Valproic acid, also known as sodium valproate, is an anticonvulsant that is used to treat seizures. It is also used for the treatment of manic phases in bipolar disorder.

In Batten disease patients, valproic acid is commonly used to control seizures either alone or in combination with other anticonvulsants.

How valproic acid works

It is not entirely understood how valproic acid reduces seizures. However, the medicine has been shown to inhibit GABA degradation. GABA is a neurotransmitter, a signaling molecule in the brain, that inhibits the activity of brain cells, or neurons.

Valproic acid may also block the reuptake of GABA, thereby increasing GABA levels in the brain. High GABA levels can help decrease the uncontrolled firing of neurons that cause seizures in Batten disease patients.

Valproic acid can also act as an ion channel modulator. Ions are small negatively or positively charged molecules. The transmission of electrical signals between neurons is mediated through the flow of ions through ion channels found on the surface of neurons.

Ion channel modulators reduce repetitive firing of neurons by prolonging the inactive state of the ion channel after activation.

Valproic acid in clinical trials

Valproic acid has not been tested in randomized clinical trials specifically for the treatment of Batten disease, but a small study suggests that Batten disease patients may benefit from this medication.

The study analyzed medical records from hospitals in Finland. It included 60 patients with juvenile Batten disease, of whom 50 had epileptic symptoms.

During the study, 27 patients received valproic acid, eight of them as a monotherapy. The remaining 19 patients received the medication in combination with other anticonvulsants. The mean dose of valproic acid monotherapy was 23.9 mg per kg a day.

After one year of valproic acid therapy, seizure frequency decreased by more than 50% in 81% of patients who received valproic acid either alone or in combination with other anticonvulsants.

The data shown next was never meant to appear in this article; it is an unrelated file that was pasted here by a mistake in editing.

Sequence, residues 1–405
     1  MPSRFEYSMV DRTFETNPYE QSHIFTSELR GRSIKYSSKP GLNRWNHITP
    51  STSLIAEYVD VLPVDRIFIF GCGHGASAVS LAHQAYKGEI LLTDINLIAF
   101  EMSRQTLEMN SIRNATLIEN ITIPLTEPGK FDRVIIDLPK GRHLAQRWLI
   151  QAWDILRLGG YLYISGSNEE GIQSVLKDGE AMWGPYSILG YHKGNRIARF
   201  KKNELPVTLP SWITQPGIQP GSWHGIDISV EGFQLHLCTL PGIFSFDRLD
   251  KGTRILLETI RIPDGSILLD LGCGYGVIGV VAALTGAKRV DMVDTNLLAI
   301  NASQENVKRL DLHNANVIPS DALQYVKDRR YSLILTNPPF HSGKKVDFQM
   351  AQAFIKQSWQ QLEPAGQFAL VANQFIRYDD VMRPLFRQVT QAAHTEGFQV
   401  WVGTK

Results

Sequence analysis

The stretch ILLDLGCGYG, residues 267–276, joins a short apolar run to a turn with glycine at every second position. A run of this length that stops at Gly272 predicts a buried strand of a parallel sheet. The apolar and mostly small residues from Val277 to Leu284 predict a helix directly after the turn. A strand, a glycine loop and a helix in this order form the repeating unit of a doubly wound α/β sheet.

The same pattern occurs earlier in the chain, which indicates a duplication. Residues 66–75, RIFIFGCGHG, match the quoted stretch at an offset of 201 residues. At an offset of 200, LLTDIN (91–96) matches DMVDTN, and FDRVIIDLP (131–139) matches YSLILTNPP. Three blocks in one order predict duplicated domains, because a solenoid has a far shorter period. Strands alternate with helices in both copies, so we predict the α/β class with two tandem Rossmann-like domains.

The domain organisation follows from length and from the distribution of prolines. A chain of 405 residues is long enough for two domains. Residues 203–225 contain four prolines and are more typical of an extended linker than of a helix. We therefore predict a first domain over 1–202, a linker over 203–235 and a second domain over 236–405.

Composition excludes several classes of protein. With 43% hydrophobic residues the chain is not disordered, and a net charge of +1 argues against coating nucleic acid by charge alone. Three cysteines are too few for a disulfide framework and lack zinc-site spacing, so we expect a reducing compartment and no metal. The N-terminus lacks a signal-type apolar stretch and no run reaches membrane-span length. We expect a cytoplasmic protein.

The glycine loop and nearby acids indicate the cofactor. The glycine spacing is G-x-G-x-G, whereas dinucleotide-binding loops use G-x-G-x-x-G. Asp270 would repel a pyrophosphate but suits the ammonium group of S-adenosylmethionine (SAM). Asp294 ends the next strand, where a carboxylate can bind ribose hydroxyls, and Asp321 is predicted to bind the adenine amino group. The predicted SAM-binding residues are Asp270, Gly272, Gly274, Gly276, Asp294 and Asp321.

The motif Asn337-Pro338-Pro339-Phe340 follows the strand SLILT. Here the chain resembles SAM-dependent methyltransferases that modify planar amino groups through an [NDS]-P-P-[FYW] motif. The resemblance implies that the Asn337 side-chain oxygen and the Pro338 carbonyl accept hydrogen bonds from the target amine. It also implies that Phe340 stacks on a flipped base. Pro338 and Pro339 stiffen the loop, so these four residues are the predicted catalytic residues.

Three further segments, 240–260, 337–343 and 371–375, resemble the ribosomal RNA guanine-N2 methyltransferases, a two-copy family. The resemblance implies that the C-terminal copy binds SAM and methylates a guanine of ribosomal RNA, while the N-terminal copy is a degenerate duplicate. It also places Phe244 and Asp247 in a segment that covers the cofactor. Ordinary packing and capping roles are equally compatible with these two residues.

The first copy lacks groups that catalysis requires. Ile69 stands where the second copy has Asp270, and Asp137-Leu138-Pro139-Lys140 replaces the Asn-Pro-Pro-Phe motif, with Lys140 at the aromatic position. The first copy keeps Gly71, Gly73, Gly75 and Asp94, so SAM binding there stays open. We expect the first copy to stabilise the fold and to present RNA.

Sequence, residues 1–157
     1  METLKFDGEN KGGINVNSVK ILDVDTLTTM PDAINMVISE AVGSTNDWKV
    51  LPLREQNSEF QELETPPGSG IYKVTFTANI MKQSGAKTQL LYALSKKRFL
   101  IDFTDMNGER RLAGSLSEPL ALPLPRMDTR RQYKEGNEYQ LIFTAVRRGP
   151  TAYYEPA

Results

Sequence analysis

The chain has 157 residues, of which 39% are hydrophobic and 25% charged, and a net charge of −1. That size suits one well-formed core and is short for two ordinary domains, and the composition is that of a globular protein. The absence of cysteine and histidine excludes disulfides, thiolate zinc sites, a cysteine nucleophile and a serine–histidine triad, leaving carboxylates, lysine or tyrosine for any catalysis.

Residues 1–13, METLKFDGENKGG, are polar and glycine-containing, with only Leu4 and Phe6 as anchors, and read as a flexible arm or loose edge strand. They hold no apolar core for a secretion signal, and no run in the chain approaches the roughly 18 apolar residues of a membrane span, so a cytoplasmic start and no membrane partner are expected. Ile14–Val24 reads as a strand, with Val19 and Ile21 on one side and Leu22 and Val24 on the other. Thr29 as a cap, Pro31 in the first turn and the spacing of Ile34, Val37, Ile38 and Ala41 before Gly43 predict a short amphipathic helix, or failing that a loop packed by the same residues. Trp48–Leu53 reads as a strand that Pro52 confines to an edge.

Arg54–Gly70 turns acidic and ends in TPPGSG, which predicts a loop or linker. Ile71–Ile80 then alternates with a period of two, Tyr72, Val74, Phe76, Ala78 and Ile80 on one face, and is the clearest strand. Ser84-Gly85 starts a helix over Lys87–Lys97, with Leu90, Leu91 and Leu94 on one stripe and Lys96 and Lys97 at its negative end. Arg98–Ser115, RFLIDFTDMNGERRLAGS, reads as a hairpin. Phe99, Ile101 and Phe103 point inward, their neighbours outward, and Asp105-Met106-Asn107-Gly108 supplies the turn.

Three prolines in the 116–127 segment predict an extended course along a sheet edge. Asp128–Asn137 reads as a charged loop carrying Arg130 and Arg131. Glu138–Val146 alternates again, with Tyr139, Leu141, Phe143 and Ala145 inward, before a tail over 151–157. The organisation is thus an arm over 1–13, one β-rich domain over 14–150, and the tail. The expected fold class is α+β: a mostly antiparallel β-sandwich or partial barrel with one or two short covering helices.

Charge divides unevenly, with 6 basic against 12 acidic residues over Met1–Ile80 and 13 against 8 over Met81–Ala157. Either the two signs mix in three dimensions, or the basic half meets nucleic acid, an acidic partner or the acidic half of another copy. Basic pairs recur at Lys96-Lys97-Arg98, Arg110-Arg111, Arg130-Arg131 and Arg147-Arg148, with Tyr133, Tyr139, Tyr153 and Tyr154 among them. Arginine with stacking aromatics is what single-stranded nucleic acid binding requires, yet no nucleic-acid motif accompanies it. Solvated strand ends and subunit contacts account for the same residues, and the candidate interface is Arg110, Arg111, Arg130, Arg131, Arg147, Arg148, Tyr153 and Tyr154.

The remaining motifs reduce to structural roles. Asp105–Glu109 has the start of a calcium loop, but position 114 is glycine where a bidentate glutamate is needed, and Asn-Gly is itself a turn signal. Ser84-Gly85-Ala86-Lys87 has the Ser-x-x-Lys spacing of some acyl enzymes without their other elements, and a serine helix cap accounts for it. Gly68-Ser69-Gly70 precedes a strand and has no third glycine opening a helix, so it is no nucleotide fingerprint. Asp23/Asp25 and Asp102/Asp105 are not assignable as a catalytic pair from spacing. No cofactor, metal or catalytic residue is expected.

Seizure control was defined as satisfactory if the patient had six or fewer seizures per year with a seizure duration of less than 20 minutes. With valproic acid monotherapy, a satisfactory seizure control was achieved in 70% of patients.

With valproic acid plus Klonopin (clonazepam), seizure control was satisfactory in 60% of the patients. With valproic acid plus Lamictal (lamotrigine), the ratio was 40%.

Four patients received valproic acid in combination with two other anticonvulsants, but seizure control was not satisfactory in these patients.

The study did not analyze whether the difference in response to valproic acid mono or combination therapy was statistically significant.

Additional information

Common side effects of valproic acid use include nausea, vomiting, impaired vision, and weight loss or gain.

Valproic acid can cause hyperammonemic encephalopathy in Batten disease patients. Hyperammonemic encephalopathy is an alteration in brain structure or function that is caused by high ammonia levels in the blood. This risk is increased when valproic acid is used in high doses, in combination with other anticonvulsants or over a prolonged period.

Discontinuing valproic acid can reverse hyperammonemic encephalopathy. Low levels of carnitine in the blood, which is common in juvenile Batten disease patients, is another risk factor for hyperammonemic encephalopathy. Adding carnitine to valproic acid therapy may reverse the condition.

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